5 Results

Resulting source and target classification accuracies of merging and non-merging galaxies for the three experiments detailed above are given in Table 1. We designate our base for improvement as the case without domain adaptation, where, as expected, test accuracy on source images is high, while the classifier performs much worse on target domain images.

Source Target
DeepMerge ResNet18 DeepMerge ResNet18
No Domain Adaptation
MMD
Adversarial
Table 1: Classification accuracies of DeepMerge and ResNet18 architectures, on source and target domain test sets, without domain adaptation (first row) and when domain adaptation techniques are used during training (all other rows).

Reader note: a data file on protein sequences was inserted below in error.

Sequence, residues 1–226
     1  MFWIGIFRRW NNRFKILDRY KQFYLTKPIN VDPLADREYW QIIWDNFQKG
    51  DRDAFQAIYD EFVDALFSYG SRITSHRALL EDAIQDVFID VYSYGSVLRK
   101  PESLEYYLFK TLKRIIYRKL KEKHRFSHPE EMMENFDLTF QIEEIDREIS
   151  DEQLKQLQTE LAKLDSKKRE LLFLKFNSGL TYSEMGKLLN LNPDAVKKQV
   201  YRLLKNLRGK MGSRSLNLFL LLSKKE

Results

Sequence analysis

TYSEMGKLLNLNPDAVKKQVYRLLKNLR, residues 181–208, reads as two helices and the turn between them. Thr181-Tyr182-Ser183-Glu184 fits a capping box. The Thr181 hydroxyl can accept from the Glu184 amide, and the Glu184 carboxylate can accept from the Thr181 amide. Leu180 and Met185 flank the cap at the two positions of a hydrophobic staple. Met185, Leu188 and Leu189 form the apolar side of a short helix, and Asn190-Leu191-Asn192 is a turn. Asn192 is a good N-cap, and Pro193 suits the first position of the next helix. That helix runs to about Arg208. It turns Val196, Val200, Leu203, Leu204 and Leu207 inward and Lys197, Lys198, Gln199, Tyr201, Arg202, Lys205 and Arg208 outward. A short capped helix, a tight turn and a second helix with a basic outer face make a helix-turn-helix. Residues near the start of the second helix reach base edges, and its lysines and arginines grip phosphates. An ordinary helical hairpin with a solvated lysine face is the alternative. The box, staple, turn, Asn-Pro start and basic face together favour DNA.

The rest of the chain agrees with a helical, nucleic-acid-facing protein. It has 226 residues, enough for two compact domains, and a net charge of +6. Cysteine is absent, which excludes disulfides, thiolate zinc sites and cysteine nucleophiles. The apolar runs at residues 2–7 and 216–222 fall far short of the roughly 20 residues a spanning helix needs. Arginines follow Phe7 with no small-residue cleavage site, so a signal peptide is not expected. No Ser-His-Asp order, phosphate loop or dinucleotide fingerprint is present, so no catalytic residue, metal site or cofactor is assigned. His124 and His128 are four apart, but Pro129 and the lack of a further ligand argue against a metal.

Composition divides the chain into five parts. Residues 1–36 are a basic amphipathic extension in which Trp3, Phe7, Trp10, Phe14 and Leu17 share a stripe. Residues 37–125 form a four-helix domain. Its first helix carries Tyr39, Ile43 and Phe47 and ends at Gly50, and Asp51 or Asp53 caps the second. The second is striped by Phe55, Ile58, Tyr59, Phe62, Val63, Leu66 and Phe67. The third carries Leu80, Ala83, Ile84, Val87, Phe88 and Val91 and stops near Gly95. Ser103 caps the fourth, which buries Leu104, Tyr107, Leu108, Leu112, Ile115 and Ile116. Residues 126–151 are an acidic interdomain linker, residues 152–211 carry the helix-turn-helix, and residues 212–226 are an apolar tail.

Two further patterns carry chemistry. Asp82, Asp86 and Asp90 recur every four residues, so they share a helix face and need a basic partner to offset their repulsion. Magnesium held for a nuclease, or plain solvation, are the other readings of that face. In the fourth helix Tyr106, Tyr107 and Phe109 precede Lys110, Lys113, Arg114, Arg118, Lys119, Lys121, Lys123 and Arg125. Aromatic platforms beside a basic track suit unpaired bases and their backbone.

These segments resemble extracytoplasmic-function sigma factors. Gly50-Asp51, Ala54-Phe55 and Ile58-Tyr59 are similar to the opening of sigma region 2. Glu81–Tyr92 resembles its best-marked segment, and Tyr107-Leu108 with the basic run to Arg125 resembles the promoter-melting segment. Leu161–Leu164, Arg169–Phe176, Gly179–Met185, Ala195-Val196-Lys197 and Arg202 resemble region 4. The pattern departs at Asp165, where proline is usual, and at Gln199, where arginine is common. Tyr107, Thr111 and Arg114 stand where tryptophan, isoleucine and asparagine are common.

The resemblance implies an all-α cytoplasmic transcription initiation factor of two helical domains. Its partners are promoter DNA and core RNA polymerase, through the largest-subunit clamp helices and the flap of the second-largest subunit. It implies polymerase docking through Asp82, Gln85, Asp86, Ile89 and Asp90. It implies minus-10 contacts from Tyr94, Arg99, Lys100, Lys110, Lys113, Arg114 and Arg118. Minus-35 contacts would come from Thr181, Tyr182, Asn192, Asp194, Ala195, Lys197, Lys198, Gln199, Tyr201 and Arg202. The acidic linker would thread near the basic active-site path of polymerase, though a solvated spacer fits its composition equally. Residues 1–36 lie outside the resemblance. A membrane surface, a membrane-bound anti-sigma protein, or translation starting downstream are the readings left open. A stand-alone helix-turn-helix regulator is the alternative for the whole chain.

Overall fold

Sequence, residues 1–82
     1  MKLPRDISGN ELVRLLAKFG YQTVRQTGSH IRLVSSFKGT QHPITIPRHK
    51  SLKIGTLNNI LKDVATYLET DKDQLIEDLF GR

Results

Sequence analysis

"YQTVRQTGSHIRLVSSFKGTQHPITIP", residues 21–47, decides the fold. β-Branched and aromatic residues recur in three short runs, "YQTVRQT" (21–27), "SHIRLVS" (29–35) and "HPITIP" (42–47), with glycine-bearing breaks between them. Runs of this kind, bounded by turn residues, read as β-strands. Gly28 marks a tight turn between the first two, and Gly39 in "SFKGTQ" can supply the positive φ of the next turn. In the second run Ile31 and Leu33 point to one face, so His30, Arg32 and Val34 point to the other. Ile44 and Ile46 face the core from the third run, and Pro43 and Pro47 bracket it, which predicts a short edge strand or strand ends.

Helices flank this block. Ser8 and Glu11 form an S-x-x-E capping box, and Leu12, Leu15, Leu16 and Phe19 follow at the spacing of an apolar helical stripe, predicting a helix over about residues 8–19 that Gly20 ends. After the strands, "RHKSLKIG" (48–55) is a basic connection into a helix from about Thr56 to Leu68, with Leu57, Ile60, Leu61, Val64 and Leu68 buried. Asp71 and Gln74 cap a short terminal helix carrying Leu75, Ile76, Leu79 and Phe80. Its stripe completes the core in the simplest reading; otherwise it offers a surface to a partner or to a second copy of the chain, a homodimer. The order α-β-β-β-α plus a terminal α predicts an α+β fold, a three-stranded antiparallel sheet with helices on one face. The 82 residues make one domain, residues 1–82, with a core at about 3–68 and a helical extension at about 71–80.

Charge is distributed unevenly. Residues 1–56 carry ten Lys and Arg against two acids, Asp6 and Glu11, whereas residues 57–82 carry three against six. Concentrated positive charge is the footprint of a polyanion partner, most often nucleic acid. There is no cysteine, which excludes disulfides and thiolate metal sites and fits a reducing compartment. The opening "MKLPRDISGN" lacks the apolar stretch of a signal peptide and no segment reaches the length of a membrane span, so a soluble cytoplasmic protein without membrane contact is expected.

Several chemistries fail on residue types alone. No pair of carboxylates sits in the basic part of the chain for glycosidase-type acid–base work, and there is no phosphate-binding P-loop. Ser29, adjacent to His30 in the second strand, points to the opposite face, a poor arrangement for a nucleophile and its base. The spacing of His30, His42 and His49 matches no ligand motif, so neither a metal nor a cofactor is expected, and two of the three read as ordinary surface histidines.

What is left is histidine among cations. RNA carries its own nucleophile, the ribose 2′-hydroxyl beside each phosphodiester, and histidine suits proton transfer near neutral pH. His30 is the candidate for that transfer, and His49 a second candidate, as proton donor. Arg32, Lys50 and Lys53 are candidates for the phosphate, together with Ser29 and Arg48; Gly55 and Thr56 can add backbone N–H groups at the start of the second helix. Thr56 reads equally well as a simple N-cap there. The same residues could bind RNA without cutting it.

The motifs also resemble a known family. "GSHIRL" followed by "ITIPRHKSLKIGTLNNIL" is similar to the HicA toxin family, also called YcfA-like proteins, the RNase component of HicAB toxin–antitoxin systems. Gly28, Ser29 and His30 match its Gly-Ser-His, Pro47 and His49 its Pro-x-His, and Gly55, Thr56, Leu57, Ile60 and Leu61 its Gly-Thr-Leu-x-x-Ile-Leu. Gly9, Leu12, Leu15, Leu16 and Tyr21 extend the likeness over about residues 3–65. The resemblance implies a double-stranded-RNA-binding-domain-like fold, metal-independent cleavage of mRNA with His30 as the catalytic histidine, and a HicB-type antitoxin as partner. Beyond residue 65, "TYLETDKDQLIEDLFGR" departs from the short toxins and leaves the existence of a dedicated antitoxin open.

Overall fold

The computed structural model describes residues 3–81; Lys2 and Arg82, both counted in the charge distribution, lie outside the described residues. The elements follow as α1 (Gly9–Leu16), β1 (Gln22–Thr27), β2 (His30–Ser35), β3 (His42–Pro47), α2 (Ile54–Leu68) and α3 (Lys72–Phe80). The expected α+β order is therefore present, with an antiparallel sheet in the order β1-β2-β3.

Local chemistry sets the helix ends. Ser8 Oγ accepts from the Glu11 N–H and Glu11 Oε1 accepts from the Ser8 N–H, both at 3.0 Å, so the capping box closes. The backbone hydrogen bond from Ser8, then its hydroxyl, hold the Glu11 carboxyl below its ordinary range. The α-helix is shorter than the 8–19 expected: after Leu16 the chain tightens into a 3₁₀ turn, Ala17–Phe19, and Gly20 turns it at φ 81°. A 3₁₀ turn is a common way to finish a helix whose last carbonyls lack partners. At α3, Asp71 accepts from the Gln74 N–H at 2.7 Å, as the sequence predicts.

While we expected that with domain adaptation we would see a slight decrease in performance in the source domain in order to compensate for the recognition of shared features across domains, what we actually observe is an increase in performance for the source domain accuracy. We believe this is due to the regularizing effect of the additional transfer loss included in MMD and adversarial training, which assists in preventing overfitting on the source training data set which allows longer training of the model. As expected, the target domain classification accuracy improves in both training with MMD and adversarial training. Additional metrics for performance comparison on the source (dashed bars) and target (solid bars) domain test set of images are presented in the top row of Figure 1. Here training without domain adaptation is navy, MMD is violet, and adversarial training is orange. The bottom row of Figure 1 shows the comparison of ROC curves (Receiver Operating Characteristics) for source and target test set of images, both with and without domain adaptation, with the same color and hatching scheme.